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Right diagnoses, wrong solution: why we should be a critical friend of maths until 18

On 4th January, Rishi Sunak announced plans to enforce the study of mathematics until students turned 18. This would be a major departure from current education policy of free subject choice for post-16 students in England.

This was immediately met with criticism from a range of groups, from education professionals who argue that the teacher shortage of maths professionals is just too great to cope with the additional demand, to people who had a bad experience in school with maths. The former problem is one I have substantial sympathy for, the latter is not a credible argument.

If we go beyond the headline and the immediate hyperbolic reaction, the proposal makes sense. Numeric illiteracy rates are costing the United Kingdom around £20 billion a year, or 1.3% of GDP according to research by the National Audit Office.

The Prime Minister’s proposal is an attempt to address the knowledge gap large parts of our population have. In this sense it is an exceptionally good idea. We must also combat the policy on what it is. Rishi Sunak has not proposed making students take an additional A Level in Mathematics. Nor has he proposed that it takes the same weighting as any other qualification 16-19 year olds are taking.

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Lunchtime debate: What do you think about Maths to 18?

Rishi Sunak is setting out plans to force everyone in England to study Maths until they are 18.

The BBC quotes the PM:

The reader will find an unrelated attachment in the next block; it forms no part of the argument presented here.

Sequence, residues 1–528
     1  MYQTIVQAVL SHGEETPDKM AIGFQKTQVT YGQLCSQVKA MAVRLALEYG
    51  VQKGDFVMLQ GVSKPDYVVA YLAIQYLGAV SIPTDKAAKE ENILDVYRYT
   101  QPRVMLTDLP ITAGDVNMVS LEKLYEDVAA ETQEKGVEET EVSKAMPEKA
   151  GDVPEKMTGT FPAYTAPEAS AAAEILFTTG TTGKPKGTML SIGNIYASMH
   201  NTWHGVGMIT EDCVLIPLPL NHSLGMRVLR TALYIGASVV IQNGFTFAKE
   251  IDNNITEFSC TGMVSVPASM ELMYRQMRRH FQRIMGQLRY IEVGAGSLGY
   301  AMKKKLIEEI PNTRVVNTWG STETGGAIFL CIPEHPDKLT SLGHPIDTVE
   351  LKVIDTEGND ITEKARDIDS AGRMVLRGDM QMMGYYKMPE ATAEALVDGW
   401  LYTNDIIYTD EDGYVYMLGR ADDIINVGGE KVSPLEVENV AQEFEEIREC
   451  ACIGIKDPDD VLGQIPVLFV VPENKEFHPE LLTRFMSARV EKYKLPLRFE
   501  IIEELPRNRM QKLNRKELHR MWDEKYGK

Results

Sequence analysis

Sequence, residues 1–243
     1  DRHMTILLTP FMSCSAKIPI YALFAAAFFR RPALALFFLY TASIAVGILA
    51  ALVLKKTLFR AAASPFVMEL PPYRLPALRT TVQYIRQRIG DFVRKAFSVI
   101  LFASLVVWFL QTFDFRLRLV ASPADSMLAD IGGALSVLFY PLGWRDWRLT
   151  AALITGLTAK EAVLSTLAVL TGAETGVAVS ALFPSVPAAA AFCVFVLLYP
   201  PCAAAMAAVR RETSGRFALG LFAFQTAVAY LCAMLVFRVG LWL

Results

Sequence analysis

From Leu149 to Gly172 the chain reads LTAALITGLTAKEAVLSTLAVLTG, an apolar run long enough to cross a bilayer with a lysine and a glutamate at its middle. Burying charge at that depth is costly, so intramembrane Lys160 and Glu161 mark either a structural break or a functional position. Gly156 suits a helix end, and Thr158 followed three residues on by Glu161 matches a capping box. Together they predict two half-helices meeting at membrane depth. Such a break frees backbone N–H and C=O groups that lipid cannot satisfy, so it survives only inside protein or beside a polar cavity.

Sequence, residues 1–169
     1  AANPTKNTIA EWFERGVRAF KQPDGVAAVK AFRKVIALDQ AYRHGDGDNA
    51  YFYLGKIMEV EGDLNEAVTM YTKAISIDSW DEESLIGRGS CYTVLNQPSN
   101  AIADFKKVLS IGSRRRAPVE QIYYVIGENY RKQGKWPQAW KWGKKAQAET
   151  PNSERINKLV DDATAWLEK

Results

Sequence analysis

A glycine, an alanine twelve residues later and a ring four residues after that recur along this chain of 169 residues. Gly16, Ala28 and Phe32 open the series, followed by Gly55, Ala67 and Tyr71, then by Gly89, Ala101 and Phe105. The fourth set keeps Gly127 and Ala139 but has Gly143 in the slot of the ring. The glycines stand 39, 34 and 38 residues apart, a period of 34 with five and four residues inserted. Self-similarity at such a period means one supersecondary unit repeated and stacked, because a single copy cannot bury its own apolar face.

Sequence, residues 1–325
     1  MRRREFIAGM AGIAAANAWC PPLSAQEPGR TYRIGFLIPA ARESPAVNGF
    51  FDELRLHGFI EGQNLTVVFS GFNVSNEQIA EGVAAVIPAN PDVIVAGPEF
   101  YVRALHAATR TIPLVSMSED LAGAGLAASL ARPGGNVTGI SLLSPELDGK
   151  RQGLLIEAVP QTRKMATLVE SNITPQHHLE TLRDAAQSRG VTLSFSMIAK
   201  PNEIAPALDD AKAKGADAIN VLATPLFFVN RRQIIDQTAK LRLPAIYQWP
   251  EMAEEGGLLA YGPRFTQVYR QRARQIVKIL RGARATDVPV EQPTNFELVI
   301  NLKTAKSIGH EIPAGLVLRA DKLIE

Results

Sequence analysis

In a world where data is everywhere and statistics underpin every job, our children’s jobs will require more analytical skills than ever before,” he will say.

And letting our children out into the world without those skills, is letting our children down.

Just half of 16 to 19-year-olds study maths, according to Mr Sunak – but this figure includes pupils doing science courses and those who are already doing compulsory GCSE resits in college.

Apparently no new qualifications are planned, and students will not be forced to do the A Level, so this seems at the moment to be more soundbite than policy. It’s designed to appeal to older Conservative voters who think that education has gone to the dogs since they stopped making you recite your times tables every morning.

I was thrilled to be able to ditch Maths for my final year at school, but I had to do the Scottish Higher in 5th year (when I was 17). I managed to scrape a B for my Higher, but it was pure hell. While I was always good at arithmetic, I really struggled with Calculus and anything other fairly basic Trigonometry and Geometry. Forcing me to take Maths for an extra year, when I was going to be studying languages and social sciences would have been completely counter-productive.

I am all for encouraging numeracy and analytical skills, especially in girls, but it seems to me that a one size fits all policy wouldn’t work. For some people, forcing them to study Maths all the way through school might be at the expense of a qualification that enhances their career and life chances.

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Lib Dems warn on education funding ahead of this morning’s budget

The i reported that figures obtained by Lib Dems from the Commons Library show that due to inflation eating into Whitehall budgets, schools and hospitals will receive £10.7bn less than they were expecting in 2024-25.

Ed Davey, Munira Wilson and Sarah Olney have written to Jeremy Hunt highlighting how current budgetary pressures are affecting schools in their constituencies.

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The importance of empowerment in an education setting: visiting Poland and my former secondary school

Embed from Getty Images